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Topic: best converter for xhe aac encoder (Read 3964 times) previous topic - next topic
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Re: best converter for xhe aac encoder

Reply #25
I am trying to figure out which is better as well, opus or xhe-aac.  I read from this forum saying that xhe aac is better than opus in low bitrate
Opus has better compatibility with smartphone players and it's almost 3x times faster in terms of decoding so you get better battery life. I guess that's what matters at this bitrate because both codecs are not consistently better than the other in terms of sound quality.
SoX 48000 hz, passband 91%, aliasing enabled
Opus VBR 256 kbps

Re: best converter for xhe aac encoder

Reply #26
I am trying to figure out which is better as well, opus or xhe-aac.  I read from this forum saying that xhe aac is better than opus in low bitrate
Opus has better compatibility with smartphone players and it's almost 3x times faster in terms of decoding so you get better battery life. I guess that's what matters at this bitrate because both codecs are not consistently better than the other in terms of sound quality.
Really?  i guess i would stick with opus then, thanks!

Re: best converter for xhe aac encoder

Reply #27
Opus has better compatibility with smartphone players and it's almost 3x times faster in terms of decoding so you get better battery life. I guess that's what matters at this bitrate because both codecs are not consistently better than the other in terms of sound quality.

It's been 24 hours now and he's probably not answering you to keep himself decent. Opus doesn't work on iPhone, that's no small thing when you consider what music listeners own when they can't add a microSD card. To be precise it is not true that Opus does not work but rather that the format war has now moved to their containers and should rewrite everything in CAF, notoriously iPhone does not read Ogg and Webm. It is not even true that he will save battery because to listen to his music in headphones at the time of the disappearance of the jack will have the phone in perennial re-encoding for Bluetooth headphones.

Compared to xHE-AAC the sound of Opus is more closed, less brilliant, even with the human voice alone you can perceive the disappearance of the treble at low bitrates.

Alternatively, you may believe that those who prefer to pay for a better encoder are fools.

Re: best converter for xhe aac encoder

Reply #28
Opus doesn't work on iPhone,
It does if you use a player like VLC or foobar2000 at least.

When you talk about CAF, you talk about Opus being used in browsers.

Compared to xHE-AAC the sound of Opus is more closed, less brilliant, even with the human voice alone you can perceive the disappearance of the treble at low bitrates.
It's exactly the opposite to what you say if we talk about my experience. xHE-AAC is less trebly on lower bitrates, and that's its strength sometimes - as I said, I can't give a perfect win to either codec, Opus is better at saving HF but sometimes creates more artifacts just because of that, so the result depends on source material.

Alternatively, you may believe that those who prefer to pay for a better encoder are fools.
It's not about money, xHE-AAC is aimed at different markets.
SoX 48000 hz, passband 91%, aliasing enabled
Opus VBR 256 kbps

Re: best converter for xhe aac encoder

Reply #29
No, I am not speaking at the browser level (it is a problem of current operating systems that decode Opus in Webm only at the browser level). I'm talking about iOS, if the decoder (and the container too) is implemented by the operating system it will be available for every app.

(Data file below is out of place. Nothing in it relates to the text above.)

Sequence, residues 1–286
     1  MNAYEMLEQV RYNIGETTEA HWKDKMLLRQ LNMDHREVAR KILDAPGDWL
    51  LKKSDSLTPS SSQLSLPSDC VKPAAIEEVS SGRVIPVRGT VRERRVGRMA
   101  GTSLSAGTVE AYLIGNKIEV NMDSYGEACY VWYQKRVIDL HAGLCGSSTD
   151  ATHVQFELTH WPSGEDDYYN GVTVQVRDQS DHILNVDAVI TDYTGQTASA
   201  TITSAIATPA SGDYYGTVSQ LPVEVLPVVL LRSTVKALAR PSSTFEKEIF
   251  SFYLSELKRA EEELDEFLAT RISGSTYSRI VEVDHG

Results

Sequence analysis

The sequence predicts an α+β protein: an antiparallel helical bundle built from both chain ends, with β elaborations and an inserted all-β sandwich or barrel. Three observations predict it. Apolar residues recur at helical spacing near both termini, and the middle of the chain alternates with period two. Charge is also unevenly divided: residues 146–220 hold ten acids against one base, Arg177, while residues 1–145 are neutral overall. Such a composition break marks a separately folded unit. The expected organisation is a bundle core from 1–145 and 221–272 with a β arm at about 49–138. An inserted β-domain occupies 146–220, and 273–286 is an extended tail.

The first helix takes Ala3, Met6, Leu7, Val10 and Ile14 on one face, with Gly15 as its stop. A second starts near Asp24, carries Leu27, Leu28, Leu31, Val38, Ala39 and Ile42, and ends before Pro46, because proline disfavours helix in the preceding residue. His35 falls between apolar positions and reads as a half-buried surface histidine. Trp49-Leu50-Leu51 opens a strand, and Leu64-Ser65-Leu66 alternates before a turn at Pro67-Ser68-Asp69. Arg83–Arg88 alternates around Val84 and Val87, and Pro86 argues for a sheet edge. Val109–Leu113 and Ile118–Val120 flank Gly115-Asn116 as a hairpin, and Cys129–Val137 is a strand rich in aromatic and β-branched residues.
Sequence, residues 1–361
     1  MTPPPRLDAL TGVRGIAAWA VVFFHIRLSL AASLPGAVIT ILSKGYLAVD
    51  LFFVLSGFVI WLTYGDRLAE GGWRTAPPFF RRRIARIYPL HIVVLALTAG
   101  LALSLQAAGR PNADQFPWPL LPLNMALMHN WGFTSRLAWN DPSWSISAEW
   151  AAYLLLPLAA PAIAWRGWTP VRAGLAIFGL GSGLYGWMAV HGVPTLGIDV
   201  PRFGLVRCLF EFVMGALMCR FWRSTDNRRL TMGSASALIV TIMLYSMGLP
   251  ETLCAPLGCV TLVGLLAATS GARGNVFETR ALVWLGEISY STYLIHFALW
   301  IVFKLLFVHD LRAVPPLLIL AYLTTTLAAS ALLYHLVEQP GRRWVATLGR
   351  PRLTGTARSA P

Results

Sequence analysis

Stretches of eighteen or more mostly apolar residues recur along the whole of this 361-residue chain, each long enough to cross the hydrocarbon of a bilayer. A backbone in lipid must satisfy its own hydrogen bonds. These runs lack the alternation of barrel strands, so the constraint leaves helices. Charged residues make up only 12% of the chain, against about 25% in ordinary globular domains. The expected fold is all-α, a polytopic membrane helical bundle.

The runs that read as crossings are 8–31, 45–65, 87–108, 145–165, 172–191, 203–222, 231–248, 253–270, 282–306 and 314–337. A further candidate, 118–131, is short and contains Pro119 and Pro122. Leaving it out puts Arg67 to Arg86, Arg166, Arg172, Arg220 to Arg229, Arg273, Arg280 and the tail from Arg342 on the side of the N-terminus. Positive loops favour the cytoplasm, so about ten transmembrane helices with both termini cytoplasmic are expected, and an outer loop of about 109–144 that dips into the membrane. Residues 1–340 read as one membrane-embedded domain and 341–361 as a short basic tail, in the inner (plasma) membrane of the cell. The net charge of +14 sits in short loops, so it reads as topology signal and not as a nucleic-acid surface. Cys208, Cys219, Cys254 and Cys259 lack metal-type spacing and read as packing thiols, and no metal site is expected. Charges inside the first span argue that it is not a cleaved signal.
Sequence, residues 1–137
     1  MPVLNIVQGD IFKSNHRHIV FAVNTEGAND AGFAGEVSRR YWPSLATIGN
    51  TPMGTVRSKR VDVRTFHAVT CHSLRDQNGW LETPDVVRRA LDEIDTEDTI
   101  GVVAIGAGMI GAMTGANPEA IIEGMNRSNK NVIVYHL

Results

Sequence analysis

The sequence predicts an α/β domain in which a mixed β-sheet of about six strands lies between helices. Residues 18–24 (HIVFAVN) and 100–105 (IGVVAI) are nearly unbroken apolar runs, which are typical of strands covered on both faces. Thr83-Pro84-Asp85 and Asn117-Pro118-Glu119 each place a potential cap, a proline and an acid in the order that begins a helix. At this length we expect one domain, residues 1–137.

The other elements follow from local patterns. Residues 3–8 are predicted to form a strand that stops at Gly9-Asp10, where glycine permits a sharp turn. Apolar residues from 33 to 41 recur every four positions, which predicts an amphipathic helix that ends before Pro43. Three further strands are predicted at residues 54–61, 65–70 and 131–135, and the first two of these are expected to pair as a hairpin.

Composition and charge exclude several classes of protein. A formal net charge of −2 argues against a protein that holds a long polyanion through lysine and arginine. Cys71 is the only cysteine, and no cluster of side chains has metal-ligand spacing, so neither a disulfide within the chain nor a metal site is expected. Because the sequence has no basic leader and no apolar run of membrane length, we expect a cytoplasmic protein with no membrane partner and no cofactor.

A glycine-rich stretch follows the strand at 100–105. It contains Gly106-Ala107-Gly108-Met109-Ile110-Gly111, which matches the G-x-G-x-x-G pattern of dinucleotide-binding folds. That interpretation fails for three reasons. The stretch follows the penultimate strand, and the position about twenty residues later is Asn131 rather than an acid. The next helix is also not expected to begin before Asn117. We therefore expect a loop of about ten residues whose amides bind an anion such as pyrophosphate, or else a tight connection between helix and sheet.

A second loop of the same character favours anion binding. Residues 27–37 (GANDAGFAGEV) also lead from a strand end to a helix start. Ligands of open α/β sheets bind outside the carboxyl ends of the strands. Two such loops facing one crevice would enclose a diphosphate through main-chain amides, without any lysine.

My contents are normalized to -23dBFS (EBU R128), on the treble we talk about perception, the Opus encoder exploits our poor resolving capacity so it can happen with loudness war contents to perceive the opposite.

I propose a test to prove the problem: get a file containing white noise, at each frequency you will have exactly the same noise level in absolute values.

Open the terminal and ask sox to generate the spectrogram for you:
Code: [Select]
sox file.wav -n spectrogram -o wave.png

You will get something like the following:
X

Now compress the file with Opus:
Code: [Select]
opusenc file.wav file.opus

and decompress it again as Wave:
Code: [Select]
opusdec file.opus opus.wav

Now ask the Sox for a new spectrogram and admire the nonexistent bit depth reserved for the treble:
Code: [Select]
sox opus.wav -n spectrogram -o opus.png

The result will look like the following:
X

I hate HE-AAC, therefore until now I serve the contents I produce to Windows as Opus in Webm and therefore I am absolutely sure of what I write on the bandwidth, at 36kbps a mono file containing only voice is reproduced by Opus in an excellent way with cutting higher frequencies. Should I make the comparison in stereo? I guess not, you will have to do this with music, but I already know that xHE-AAC offers the best on vocals.

If Opus were superior to xHE-AAC for in newest TV standard and DRM radio we found Opus instead MPEG-D USAC, broadcast contents are mainly vocal and therefore the advantage of one of the two emerges, although Opus is the best opensource lossy encoder I have ever tried.

Re: best converter for xhe aac encoder

Reply #30
Open the terminal and ask sox to generate the spectrogram for you:
I do that in Audacity and I know what you're talking about. My spectrograms do not look like yours for Opus.



Although there certainly IS something happening at 15.6 khz, it's not as tragical as on your spectro. It's not even as tragical as MP3 16 khz half-cutoff due to sfb21. Btw bitrate is 64 kbps on this picture.

But I was talking strongly about listening experience - Opus is better at preserving energy at high frequencies than xHE-AAC on the material I tried. I actually do not even know why, because xHE-AAC spectro doesn't show anything shabby about it, but I hear it during ABX at 96 kbps (exhale 3). It's even more pronounced at 64 kbps, but Exhale cuts frequencies above 14.5 khz there so this may be the reason as well (Opus is crazy enough to do 20 khz even at this bitrate).

If Opus were superior to xHE-AAC for in newest TV standard and DRM radio we found Opus instead MPEG-D USAC
Let me repeat that once again - xHE-AAC is aimed at different markets. The decision to use xHE-AAC in new TV and Radio standards has nothing to do with the sound quality of Opus, it's a business and political decision where Opus didn't have a chance exactly because it's royalty free and maintained by organizations who are not particulary strong at lawsuits.